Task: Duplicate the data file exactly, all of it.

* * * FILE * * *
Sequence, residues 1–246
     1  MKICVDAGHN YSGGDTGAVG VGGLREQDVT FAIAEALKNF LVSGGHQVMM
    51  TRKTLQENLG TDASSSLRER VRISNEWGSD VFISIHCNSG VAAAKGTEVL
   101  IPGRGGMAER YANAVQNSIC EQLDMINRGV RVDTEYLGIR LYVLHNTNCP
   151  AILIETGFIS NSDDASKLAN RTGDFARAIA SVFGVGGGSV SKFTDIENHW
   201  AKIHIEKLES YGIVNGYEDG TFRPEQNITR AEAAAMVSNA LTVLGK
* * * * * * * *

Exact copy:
Sequence, residues 1–246
     1  MKICVDAGHN YSGGDTGAVG VGGLREQDVT FAIAEALKNF LVSGGHQVMM
    51  TRKTLQENLG TDASSSLRER VRISNEWGSD VFISIHCNSG VAAAKGTEVL
   101  IPGRGGMAER YANAVQNSIC EQLDMINRGV RVDTEYLGIR LYVLHNTNCP
   151  AILIETGFIS NSDDASKLAN RTGDFARAIA SVFGVGGGSV SKFTDIENHW
   201  AKIHIEKLES YGIVNGYEDG TFRPEQNITR AEAAAMVSNA LTVLGK